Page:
A new study investigating the link between HIV infection and dementia is seeking participants.
Because of the success of antiretroviral therapy, many HIV+ individuals are now reaching their 50s and 60s. There has been some suggestion that long-term HIV infection may be associated with developing degenerative brain diseases similar to Alzheimer's disease.
In conjunction with St Vincent's Hospital and the University of New South Wales, Neuroscience Research Australia (NeuRA) is conducting a study to estimate the prevalence of memory and concentration difficulties in older individuals with long-term HIV infection.
Led by Dr Lucette Cysique, the study will also determine the means (if any) by which long-term HIV infection contributes to the incidence of an illness like dementia.
The study will pay particular attention to high cholesterol levels and cardiovascular disease, as both are common in older people with HIV (as a result of advancing age, HIV disease itself and antiretroviral treatment) and are risk factors for developing dementia.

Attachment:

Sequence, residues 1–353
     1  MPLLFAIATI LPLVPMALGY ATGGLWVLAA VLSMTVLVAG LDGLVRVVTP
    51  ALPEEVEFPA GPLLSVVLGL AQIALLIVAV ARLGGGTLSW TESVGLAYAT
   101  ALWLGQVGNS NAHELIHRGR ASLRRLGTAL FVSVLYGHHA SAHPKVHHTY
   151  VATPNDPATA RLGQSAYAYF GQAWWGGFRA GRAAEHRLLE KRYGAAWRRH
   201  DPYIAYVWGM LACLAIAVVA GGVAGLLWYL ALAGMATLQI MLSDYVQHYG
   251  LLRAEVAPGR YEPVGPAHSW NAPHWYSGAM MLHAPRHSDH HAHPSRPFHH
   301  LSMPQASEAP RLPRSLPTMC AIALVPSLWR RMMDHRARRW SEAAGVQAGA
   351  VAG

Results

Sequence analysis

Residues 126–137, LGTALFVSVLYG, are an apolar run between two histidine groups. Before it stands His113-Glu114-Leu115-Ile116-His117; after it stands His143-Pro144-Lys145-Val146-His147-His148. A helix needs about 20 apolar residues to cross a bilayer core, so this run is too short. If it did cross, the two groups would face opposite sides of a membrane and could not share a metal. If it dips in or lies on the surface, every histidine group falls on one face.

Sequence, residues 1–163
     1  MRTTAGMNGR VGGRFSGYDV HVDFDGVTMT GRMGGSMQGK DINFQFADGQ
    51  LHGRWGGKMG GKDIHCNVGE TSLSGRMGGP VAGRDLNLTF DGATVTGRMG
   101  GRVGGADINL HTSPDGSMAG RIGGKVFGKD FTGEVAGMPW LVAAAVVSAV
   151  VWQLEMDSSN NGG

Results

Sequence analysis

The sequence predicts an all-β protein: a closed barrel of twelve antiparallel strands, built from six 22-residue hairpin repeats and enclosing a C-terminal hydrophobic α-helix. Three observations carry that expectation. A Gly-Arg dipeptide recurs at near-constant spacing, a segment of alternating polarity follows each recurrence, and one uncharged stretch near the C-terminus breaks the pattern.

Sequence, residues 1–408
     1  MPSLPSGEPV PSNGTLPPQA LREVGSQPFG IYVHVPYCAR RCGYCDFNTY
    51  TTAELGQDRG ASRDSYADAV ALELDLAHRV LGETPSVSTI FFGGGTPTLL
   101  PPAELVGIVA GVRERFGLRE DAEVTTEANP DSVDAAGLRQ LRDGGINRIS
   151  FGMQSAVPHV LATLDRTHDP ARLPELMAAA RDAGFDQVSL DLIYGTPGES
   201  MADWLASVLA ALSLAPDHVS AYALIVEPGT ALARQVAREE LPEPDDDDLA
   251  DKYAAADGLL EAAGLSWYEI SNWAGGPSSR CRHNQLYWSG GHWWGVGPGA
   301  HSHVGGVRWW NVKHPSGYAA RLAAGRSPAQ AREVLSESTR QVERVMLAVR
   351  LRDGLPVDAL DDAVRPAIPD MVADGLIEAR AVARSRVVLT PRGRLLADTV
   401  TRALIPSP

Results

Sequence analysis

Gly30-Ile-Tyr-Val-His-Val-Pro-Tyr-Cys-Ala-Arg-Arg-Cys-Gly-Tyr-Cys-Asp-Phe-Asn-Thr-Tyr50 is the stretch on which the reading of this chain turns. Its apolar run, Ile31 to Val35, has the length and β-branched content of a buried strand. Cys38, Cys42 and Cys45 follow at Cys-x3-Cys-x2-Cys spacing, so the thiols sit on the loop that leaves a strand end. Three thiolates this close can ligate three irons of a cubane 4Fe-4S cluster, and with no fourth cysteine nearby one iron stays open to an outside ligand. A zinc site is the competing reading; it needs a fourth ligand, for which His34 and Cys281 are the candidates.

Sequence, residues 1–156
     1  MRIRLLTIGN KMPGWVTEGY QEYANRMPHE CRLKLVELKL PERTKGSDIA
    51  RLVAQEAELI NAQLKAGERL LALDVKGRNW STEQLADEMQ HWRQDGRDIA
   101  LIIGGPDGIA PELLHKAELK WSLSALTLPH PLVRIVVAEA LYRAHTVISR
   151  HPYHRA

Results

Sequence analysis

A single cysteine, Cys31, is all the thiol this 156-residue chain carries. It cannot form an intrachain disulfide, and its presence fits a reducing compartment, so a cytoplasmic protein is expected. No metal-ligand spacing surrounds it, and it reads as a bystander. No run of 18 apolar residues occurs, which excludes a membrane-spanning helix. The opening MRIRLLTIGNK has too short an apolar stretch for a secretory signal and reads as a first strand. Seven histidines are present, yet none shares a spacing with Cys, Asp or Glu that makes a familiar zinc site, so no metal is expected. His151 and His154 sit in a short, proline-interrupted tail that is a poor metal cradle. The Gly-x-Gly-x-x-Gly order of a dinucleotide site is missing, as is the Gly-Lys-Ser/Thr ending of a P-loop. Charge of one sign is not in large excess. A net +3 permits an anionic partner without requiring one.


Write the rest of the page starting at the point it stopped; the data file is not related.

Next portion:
The study will use a number of tests, such as MRI, to look for evidence of cognitive decline and Alzheimer's disease, and to rule out causes of cognitive decline other than HIV (such as cardiovascular disease or a genetic propensity towards developing the disease).
Dr Lucette Cysique is currently recruiting HIV negative men 45 years and older to participate in the study. Please contact Dr Cysique via email: email@example.com or on 0431 576 710 for more information.